ENTRY 135: Outcaste
Formal castes are often considered a relic of an unhappy past to most transhumans; a remnant of bronze age societies carried forward hundreds or thousands of years after they had served their original purpose. The truth is perhaps more complex, and individual egos are so bound up in social and ethnic identities that even in contemporary times some fragment of caste-mentality may exist—the Brahmins of New Varanasi, for example, or the subtle distinctions still maintained in Barsoomian society from when the rusters suffered under indentured servitude. Overall the caste systems of old Earth have slowly lost their grip on transhuman society, in no small part because the differences in education and relative wealth have grown smaller thanks to the Mesh and makers. The vast majority of transhumans are outcaste, completely removed from the ever-shrinking social stratification practiced by the remaining few traditionalists.
But some ideas die hard. While most transhumans today no longer hold to the old taboos against handling the dead or dealing with refuse, there remains at least one force that the majority of transhumans are raised to fear and respect: radioactivity. Radioactive morphs, contaminated through accidental exposure, improper shielding and equipment, or simply long periods working in radioactive environments or with radioactive equipment, are effectively untouchable—a burden, expense, and danger to the community by their very presence. If the morph cannot be decontaminated cheaply or effectively, most egos abandon them, at the encouragement of the habitat authorities. Radioactive morphs are barred entry from most habitats, often on threat of ranged destruction. On Mars, rusters who worked with badly-shielded radioactive materials were ostracized rather than treated, forced to live and work separately from the other indentured servants, feared and hated less they contaminate others, prone to cancer and radiation burns. Many scumbarges likewise have large segments of untouchables, usually those forced by poverty or circumstance to spend too long near the engines, and in extreme cases entire vessels have been forbidden to dock at habitats because of the radiation danger.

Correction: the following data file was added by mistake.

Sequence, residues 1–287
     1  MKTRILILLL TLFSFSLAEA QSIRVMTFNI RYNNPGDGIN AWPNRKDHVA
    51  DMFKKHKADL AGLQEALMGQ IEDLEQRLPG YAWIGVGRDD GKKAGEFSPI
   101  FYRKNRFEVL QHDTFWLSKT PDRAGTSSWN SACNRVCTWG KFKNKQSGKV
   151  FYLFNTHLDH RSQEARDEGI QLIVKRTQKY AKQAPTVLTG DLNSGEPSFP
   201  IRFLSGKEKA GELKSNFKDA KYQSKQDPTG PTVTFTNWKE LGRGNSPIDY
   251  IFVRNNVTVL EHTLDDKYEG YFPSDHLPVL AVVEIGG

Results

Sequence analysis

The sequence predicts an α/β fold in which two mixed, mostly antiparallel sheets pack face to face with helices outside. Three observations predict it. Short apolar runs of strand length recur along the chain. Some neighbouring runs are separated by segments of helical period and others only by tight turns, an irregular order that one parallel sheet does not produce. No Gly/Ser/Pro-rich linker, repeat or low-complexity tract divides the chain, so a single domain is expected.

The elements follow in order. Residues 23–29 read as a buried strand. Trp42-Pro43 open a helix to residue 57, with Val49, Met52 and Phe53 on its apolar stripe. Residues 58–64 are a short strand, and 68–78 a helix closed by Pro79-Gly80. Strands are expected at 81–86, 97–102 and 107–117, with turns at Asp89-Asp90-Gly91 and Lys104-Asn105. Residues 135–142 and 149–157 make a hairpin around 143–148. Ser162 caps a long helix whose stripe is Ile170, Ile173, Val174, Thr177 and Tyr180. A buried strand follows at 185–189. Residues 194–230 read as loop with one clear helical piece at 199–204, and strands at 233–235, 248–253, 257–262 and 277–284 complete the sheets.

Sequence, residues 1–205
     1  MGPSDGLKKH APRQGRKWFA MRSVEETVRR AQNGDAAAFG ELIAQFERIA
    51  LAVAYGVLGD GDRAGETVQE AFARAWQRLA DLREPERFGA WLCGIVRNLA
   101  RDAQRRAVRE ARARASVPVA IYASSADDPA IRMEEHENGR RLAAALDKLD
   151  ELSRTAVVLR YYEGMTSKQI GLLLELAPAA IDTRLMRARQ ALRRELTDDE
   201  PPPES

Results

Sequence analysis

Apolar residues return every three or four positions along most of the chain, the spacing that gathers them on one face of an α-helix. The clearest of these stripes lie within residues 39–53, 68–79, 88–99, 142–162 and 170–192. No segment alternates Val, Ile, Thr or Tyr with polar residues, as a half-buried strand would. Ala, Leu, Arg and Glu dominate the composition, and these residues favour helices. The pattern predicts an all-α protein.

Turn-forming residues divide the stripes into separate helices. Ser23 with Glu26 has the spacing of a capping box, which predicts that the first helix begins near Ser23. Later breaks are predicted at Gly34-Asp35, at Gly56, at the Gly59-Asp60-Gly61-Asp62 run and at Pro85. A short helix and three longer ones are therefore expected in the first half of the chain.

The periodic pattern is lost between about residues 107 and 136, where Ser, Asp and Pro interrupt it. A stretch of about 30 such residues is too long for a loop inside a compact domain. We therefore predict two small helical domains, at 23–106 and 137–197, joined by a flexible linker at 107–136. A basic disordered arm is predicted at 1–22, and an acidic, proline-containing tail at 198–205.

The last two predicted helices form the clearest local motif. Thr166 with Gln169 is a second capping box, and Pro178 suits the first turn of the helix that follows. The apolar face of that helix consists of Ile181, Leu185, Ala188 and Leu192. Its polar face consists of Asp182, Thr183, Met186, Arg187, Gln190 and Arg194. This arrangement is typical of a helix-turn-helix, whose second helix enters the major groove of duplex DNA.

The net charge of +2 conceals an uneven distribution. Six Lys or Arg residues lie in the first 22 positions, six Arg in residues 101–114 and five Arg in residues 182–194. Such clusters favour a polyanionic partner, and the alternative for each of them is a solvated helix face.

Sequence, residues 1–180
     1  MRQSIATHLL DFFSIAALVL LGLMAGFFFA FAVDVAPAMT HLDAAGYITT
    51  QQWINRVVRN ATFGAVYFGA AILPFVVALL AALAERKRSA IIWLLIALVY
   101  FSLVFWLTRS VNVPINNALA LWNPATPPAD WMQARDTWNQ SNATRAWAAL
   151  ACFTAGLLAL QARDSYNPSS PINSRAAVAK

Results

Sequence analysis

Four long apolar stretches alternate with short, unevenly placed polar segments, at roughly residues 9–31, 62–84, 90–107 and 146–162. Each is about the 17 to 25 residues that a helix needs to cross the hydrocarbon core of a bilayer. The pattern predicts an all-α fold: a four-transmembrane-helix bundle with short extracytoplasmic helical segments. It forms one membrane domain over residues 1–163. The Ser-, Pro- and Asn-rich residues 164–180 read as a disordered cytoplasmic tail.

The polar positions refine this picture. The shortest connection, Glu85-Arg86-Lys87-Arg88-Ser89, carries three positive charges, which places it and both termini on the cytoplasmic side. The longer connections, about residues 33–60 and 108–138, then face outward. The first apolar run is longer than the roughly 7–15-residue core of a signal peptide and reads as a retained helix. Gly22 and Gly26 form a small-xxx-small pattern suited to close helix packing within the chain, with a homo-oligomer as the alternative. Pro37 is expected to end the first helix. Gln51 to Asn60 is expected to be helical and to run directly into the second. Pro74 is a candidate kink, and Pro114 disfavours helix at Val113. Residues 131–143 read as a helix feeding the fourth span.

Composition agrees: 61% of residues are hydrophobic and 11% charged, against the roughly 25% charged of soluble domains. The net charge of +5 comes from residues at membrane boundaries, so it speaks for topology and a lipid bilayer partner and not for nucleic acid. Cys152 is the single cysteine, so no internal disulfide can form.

Using the Outcaste
Social commentary has its place in games; the topics that stir up debate and emotions in the real world provide strong motivations to players and characters in the game as well. That said, it is also easy to offend people if these issues are handled poorly or blithely—racism and caste-discrimination are still with us today, and a game that makes light of the suffering and seriousness of those topics can cause a game-conflict to turn into a real-world conflict at the gaming table. Gamemasters or players that want to address these topics without offending people can do so by paralleling or satirizing the issue; consider the Star Trek episode “Let That Be Your Last Battlefield” as an example. In this case, the idea of the untouchable caste—a concept familiar in many societies, for a variety of reasons ranging from profession to sexual orientation—is married to the very real hazards of radiation. How the players and other characters react to the afflicted versus to how they are treated can provide a very strong dynamic for an adventure.